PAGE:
Seventh Standing Committee
on Delegated Legislation
Thursday 3 April 2003
[Mr. Peter Pike in the Chair]
Draft Terrorism Act 2000
(Code of Practice on Video
Recording of Interviews)
(Northern Ireland) Order 2003
The Minister of State, Northern Ireland Office (Jane Kennedy): I beg to move,
That the Committee has considered the draft Terrorism Act 2000 (Code of Practice on Video Recording of Interviews) (Northern Ireland) Order 2003.
It is a pleasure to be back in Parliament on a Thursday afternoon in Committee under your chairmanship, Mr. Pike.
The order puts into practice a revised code of practice governing the video recording of interviews under the Terrorism Act 2000. Its purpose is to provide protection to both the person being interviewed and the officers conducting the interview, and ensure that no one can mistreat or falsely accuse the other. The main revisions have been made at the request of the Police Service of Northern Ireland to allow greater flexibility in the practical application of the code without diminishing the security that it provides.
The code will be put into practice at the new dual custody suite at Antrim, which opens this week. It will be ready to receive its first terrorist suspects on 11 April. The text that previously referred to the recordings being made on super VHS has been changed to say that recordings shall be made on super VHS or an equivalent or superior format. That will allow the police to use digital tapes, discs or improved technology in future. Several necessary changes in language have flowed from that basic change.
A new paragraph has been added saying that, when possible, the recording equipment shall keep an audit trail of who views and copies the recordings. Of course, such an audit has been kept manually under the existing code, but that allows for the equipment itself to keep the audit automatically. The usual procedures for sealing video tapes have been kept for individual tapes or discs, but the code also allows for the police to introduce an alternative system without using seals, so long as it ensures the same or higher levels of security and accountability.
The Government have also taken the opportunity to update the code, changing one or two names, as necessary, and extending the list of alternative formats in which the text can be made available. In line with the Home Office's draft amended Police and Criminal Evidence Act 1984 codes, the statutory term ''mentally disordered'' has been widened by the addition of the term ''mentally vulnerable''. The notice of the destruction of recordings given to those who were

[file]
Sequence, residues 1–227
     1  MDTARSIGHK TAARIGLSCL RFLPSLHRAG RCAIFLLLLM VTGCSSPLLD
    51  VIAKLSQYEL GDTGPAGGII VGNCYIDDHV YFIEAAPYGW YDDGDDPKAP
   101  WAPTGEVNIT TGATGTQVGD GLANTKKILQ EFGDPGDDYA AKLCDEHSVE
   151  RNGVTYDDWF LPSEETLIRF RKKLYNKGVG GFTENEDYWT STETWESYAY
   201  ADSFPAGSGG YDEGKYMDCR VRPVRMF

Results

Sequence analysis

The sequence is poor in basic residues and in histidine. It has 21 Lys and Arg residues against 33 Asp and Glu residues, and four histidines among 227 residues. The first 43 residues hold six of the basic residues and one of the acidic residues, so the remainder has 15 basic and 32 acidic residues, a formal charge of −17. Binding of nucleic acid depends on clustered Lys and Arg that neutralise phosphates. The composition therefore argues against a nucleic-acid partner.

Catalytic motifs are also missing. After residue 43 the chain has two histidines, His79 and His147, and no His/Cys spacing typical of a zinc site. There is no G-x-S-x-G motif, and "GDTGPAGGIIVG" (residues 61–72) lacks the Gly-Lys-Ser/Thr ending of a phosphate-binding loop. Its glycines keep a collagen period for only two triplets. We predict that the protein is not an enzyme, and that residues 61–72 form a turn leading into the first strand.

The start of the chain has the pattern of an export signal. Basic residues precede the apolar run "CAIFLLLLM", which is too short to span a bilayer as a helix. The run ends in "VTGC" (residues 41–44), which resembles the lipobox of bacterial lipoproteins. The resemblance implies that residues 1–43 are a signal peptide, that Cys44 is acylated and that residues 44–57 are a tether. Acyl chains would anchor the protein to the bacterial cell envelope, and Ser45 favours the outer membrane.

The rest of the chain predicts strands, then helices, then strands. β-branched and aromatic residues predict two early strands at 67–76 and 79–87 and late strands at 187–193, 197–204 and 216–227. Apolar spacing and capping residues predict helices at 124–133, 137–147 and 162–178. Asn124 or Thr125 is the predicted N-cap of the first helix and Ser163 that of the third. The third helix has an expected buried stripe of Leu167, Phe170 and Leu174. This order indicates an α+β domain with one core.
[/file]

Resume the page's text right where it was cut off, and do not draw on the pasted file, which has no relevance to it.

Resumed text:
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formerly detained has been extended from two weeks to four.
Members of the Committee can see that the amendments are small. They do not alter the substance of the code, but make it more adaptable to the realities of technological change. They also allow for future developments, without requiring the code to be amended further in a rather cumbersome fashion.
Lady Hermon (North Down): I am grateful to the Minister for giving way, especially as she is about to finish her opening remarks. We are discussing the rights of detainees. The hon. Lady rightly referred to special protection for those who are mentally incapacitated in some way, however minor that may be. Given that the human rights of individuals will be affected, has the Northern Ireland Human Rights Commission been formally consulted, the remit of which is to consider the adequacy and effectiveness of the law that protects human rights in Northern Ireland?
Jane Kennedy: A wide consultation exercise took place. I cannot say with confidence that the Northern Ireland Human Rights Commission was consulted, but we received a range of responses from several people. I should be surprised if it were not consulted. I have a list of those who responded. That inspiration has just come to me. I hope that I have reassured the hon. Lady.
I am confident that the revised code will serve the Police Service in Northern Ireland well as it carries out its sensitive counter-terrorist responsibilities.
Mr. David Wilshire (Spelthorne): It is a pleasure to serve under your chairmanship again, Mr. Pike. I apologise on behalf of my hon. Friend the Member for Solihull (Mr. Taylor) for his absence: for constituency reasons, he had to return to the midlands at lunchtime. I apologised to the Minister for that before this sitting commenced.
This is a nice Thursday afternoon and I understand that the Labour party has a one-line Whip, but the Conservatives have every intention of pressing for Divisions on many occasions tonight, so perhaps Labour Members will have to return. I also appreciate that early trains will be leaving shortly so I understand why the Minister is keen to whiz this order through. However, parliamentary scrutiny is an important issue and, having consulted the clerks, it is my understanding—although I am sure that you will correct me if I am wrong, Mr. Pike—that the whole of the code of practice is debatable because it is a matter that we are being asked to take note of. We can consider not only the changes, but everything that is in front of us.